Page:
This day last year, we began the stop-start journey of our IVF cycle. It was CD3 and I had gone in for my first monitoring appointment in preparation to start my stims. My estrogen levels were initially deemed too high to start and they told me to call back on my next CD1, until the nurse spoke to my doctor and he ok’d it with a slight delay on starting my stimming meds. It was all a bit of a gong show, and that’s how it felt for the rest of the stimming process. I had two runaway follicles that got way too big and threatened to derail the whole cycle. My estrogen levels topped out over 20,000IU forcing us into a freeze-all cycle. I was mostly ok with this at the time, because I felt physically and mentally exhausted with all of the stress on my body and the meds jacking up my ovaries. I would have preferred not to be delayed any further but wanted the best possible chance for our embryos.

Little did I know that delay was going to stretch another 6 months. After waiting for my 2nd period after the retrieval, some ill-timed travels, a cancelled FET, a new protocol, an extra long (almost cancelled), drawn out FET cycle (including having two cysts drained) we finally transferred one of our five embryos to my uterus on Dec. 13. On Dec. 20 I got my first faint positive pregnancy test, and on Dec. 22 a positive beta confirming that pale pink line.

After a little over three years to date we have nearly reached the next stage in our journey. A year of trying naturally, a year filled with testing, waiting, interspersed with 3 failed medicated (unmonitored) IUIs and finally a decision to pursue IVF, we then spent the next six months in IVF/FET limbo hell, finally receiving our desired outcome. But once the test is positive it is a new game, worrying about the next beta, the next ultrasound, viability and ultimately a fresh baby in your arms.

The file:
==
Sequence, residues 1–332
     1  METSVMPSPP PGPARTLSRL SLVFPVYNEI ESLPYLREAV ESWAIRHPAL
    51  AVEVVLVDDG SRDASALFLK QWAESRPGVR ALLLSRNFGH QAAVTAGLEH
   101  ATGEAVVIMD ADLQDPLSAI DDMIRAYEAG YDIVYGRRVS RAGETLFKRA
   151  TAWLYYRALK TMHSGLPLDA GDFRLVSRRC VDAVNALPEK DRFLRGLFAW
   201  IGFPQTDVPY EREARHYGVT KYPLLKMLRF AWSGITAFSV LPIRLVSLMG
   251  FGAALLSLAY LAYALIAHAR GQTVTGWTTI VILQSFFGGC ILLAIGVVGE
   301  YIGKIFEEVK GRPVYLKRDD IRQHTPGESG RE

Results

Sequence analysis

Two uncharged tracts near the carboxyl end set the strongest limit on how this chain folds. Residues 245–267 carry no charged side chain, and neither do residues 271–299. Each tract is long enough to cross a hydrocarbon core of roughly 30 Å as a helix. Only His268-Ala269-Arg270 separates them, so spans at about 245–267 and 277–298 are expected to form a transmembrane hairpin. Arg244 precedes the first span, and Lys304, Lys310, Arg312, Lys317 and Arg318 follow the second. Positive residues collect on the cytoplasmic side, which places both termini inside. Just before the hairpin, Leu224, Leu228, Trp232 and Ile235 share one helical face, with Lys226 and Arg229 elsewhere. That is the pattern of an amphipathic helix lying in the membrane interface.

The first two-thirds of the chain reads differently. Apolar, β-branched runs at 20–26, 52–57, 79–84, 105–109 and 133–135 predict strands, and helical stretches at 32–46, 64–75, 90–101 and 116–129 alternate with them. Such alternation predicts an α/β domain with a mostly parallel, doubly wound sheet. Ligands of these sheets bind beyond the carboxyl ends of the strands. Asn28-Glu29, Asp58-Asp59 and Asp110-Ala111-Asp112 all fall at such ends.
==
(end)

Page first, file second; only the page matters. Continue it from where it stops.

When you’re living it, it is so awful, and you can’t believe it each time the seriousness level ratchets up; trying naturally to seeking assistance which turns into IUI, then IVF, potentially multiple transfers or multiple rounds and for some, beyond that. It seems never ending. I will admit that getting (and staying) pregnant has eased some of the immediate pain but it can’t undo the scars that infertility has left. I was “lucky” in that I only had to endure one round of IVF and one transfer (it’s sad that I’d consider myself “lucky” but there are many who have been through much more and much worse). I can also say that pregnancy is no bed of roses, though I have had it relatively easy for the most part. I can’t say it is really enjoyable being pregnant, I do not love feeling like a whale, and all of the physical discomforts that come along with it (though feeling a living person inside of me, and knowing that they are growing and thriving because of me is pretty powerful stuff).

But (huge emphasis on the “but”) I am deeply grateful, because I know I am one of the lucky ones. Even though we went through hell and back, it’s all been worth it. While we were in it, I wasn’t sure we’d survive, if it would work, if would I have regrets. It’s hard to keep going when you don’t know what lies ahead. And I can’t say that ART is going to work for everyone, or what the best stopping point is. My biggest measure of whether or not to keep going was “will I regret it if I don’t?”. Because initially (when we first started seeing our RE) I was against pursuing IVF, but as we began to run out of options I knew I would regret it if we didn’t give it a shot, no matter how scared, or mad or frustrated I was at our situation.

So I’m not going to tell you to never stop trying, because eventually you may get to a point where you have to, for your sanity, and physical well-being. I don’t know what that point would have been for us, as we, fortunately, never had to consider it (not too much at least, beyond deciding to pursue IVF). Take the path of least regret, therapy and time can help you deal with the aftermath, whatever it may be.

Looking back, year over year, it is amazing where we’ve been, and now, where we’re going.